The pandemic gave Asmita, an avid volunteer, poet and writer, an opportunity to bring the scattered writing community under one umbrella to promote Hindi
By Dr Neelam Batra-Verma
An Indian may go out into the world, but you cannot take India out of the Indian. No wonder Asmita Lawrence had to involve herself in community activities when she moved to Canada from the United Kingdom many years ago.
After working in the private sector for over a decade, Asmita Lawrence was looking for opportunities that would give her emotional and not just professional satisfaction. “Sometimes, just taking is not satisfying,” she says. “Giving touches your heart more than taking, and working in the community not only broadens your horizons but keeps you connected to your roots.”
Giving touches your heart more than taking. Working in the community not only broadens your horizons, but keeps you connected to your roots.
With an MBA and an MPhil degree from the United Kingdom under her belt, Lawrence has been conducting free mentorship programmes for new immigrants, in coordination with VIF of Vancouver. “Volunteering with these people not only keeps me connected to India, I can share my knowledge and experience with the new immigrants who come to Canada and are totally lost initially. I help them settle, make sure their children are admitted in local schools, show them around and teach them how to avail of the vast social services available to the new immigrants. Sometimes we lose sight of the importance of the human connection in our fast-paced lives, but, in fact, a close-knit community along with your family can give much needed social and emotional strength. In summation, this is happiness.”
Apart from her community service, Lawrence teaches at the elite Ganesh Hindi School, run by the Hindu Temple in Vancouver. “Watching the journey of the little ones, as they learn Hindi and then graduate, is nothing but exhilarating. Ensuring that the children come to class every Sunday morning needs a lot of perseverance and patience, not only on the part of the teachers but also the parents. Parents work weekdays, then have to pull their kids out of bed and get them on the road on Sundays as well, instead of sleeping in. This is no minor task.”
Belonging as she does to a family of educators, volunteering in the community and teaching have been a way of life for her. “Both my parents have always worked in academics. Through this voluntary experience I am experiencing the unique joy of interacting with little ones and imparting my knowledge. It enriches my Sunday mornings to engage students in discussion. Their creativity and curiosity is infectious. It is a pure joy to be associated with this work of helping our children stay connected to their roots.”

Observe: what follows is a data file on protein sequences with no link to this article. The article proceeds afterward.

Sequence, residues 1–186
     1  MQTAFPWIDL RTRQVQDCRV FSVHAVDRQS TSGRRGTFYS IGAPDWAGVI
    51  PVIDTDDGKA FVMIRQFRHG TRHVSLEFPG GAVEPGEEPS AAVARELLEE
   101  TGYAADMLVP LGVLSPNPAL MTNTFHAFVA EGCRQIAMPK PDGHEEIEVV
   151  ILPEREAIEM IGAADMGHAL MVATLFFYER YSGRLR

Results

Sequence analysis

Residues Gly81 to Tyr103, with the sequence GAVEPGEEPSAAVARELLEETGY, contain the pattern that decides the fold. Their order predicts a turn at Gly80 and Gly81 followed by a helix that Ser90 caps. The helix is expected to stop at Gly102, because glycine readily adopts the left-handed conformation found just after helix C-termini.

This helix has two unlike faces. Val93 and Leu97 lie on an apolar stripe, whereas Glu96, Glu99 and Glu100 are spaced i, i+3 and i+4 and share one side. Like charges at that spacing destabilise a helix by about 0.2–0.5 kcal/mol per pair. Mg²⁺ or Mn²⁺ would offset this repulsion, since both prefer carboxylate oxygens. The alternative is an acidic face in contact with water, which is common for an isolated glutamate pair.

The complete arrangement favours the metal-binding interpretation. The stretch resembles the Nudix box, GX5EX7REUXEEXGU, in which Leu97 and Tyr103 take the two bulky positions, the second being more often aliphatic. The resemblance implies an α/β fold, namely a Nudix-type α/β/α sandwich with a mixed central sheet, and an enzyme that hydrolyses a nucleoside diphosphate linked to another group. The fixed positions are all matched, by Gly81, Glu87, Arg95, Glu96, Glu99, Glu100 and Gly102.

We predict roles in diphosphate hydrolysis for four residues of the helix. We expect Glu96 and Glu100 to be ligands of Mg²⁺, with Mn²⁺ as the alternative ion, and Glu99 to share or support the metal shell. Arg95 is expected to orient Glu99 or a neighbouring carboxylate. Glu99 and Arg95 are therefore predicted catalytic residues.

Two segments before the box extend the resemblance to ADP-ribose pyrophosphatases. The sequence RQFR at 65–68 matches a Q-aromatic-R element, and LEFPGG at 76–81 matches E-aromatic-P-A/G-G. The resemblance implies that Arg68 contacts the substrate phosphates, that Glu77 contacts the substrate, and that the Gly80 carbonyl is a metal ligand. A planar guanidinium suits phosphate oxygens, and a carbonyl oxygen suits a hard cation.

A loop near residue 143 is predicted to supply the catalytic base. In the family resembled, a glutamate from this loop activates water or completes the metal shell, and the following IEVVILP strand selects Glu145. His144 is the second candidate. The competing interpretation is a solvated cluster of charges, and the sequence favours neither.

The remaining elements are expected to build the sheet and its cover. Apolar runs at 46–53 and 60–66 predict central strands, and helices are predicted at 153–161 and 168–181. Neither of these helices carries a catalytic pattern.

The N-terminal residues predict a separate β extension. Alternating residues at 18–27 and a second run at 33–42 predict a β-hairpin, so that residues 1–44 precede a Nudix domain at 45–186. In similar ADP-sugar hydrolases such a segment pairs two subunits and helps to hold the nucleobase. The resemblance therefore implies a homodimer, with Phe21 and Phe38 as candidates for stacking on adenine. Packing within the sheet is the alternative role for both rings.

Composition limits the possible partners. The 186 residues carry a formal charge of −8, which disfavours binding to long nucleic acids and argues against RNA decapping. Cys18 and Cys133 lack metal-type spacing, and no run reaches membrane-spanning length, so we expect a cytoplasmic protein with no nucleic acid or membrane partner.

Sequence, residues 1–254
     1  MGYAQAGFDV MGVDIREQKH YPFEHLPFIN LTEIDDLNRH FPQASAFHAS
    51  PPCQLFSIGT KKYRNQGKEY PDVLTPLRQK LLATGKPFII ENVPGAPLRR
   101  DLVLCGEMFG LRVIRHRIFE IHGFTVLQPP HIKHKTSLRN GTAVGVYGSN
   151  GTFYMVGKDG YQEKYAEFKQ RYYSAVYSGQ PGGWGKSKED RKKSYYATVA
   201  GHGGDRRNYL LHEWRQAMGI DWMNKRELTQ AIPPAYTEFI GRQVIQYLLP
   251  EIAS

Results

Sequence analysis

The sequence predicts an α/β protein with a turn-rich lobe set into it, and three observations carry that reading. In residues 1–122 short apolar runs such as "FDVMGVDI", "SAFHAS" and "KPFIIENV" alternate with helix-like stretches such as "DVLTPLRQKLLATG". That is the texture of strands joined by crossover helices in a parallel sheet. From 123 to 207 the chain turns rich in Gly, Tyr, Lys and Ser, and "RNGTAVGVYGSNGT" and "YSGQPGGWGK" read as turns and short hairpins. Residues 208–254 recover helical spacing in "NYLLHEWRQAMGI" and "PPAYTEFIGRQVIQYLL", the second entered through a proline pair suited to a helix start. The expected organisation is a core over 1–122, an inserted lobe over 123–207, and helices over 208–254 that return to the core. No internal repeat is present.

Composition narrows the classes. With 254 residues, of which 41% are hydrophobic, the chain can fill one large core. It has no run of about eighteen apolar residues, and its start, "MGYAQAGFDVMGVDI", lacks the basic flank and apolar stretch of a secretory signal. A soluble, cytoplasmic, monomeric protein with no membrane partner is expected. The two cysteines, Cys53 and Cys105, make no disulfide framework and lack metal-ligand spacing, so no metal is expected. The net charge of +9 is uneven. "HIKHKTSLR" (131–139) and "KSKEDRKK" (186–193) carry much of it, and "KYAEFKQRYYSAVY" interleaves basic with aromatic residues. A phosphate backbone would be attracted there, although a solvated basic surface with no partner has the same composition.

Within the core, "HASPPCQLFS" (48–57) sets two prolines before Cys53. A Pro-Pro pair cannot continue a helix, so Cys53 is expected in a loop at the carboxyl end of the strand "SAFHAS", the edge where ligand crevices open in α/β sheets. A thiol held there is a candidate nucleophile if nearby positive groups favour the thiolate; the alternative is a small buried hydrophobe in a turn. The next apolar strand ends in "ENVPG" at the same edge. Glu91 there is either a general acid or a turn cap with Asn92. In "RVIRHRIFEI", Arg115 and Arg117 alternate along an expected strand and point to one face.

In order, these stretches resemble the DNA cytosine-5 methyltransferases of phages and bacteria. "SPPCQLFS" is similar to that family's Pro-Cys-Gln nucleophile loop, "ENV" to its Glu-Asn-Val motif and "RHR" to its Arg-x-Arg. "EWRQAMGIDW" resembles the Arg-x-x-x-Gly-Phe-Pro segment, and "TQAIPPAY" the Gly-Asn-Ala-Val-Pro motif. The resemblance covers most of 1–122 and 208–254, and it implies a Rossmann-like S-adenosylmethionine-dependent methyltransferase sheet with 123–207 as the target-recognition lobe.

However, Lawrence considers forming a women’s poetry group, called Manasvini, a dream come true. “We know there are a lot of writers and poets in the community, but we are all scattered. The pandemic gave us an opportunity to organise under a single umbrella, as we all sat in our homes, writing away but not sharing at all. Now, with this group, we come together once a month, maybe on Holi, or Mother’s or Father’s Day or just Canada Day. Everyone has a story to tell. Someone may have lost a parent during the pandemic or have a loved one back in India dying of COVID-19 but is unable to go and visit them. This platform helps them to share their feelings through poems or narration, or just by sharing their pain in the group. It certainly helps their mental health. After all, when you are away from family back in India, your friends are your family. We provide each other with a shoulder of support. Our group is constantly growing as more and more writers join us.”
Writers are encouraged to write and speak in Hindi in the Manasvini group, though English writers are not turned away. “Living in Canada, we all speak English on a daily basis, whether it is with our children or at work or wherever we go. This is an opportunity to keep our lovely language alive. Hindi is a rich language and we have to ensure that the language is kept alive for our children.”
Lawrence is actively involved with the Canadian community in metro Vancouver as well. She has served in the past as Chair of the Immigrant Advisory Council and more recently, in 2021, she served as Programme Adjudicator for the Festival of Learning. She also serves on a number of local neighbourhood committees to support community cohesion and engagement.
An avid writer and poet, Lawrence is an active participant in community musical events. She supports event organisation and volunteers as a host. “Community work and volunteering are unique traditions that are part of the Canadian fabric, which I have embraced. As I celebrate Canada Day on 1 July, I am glad to find ways to also remain attached to my Indian values. Volunteering work gives so much joy because it brings us all closer together as people.”
The South Asian community certainly needs more volunteers like Lawrence to keep Indian culture alive for future generations, who may or may not get an opportunity to learn the same anywhere else.
(The author is a Canada-based independent journalist and writer.)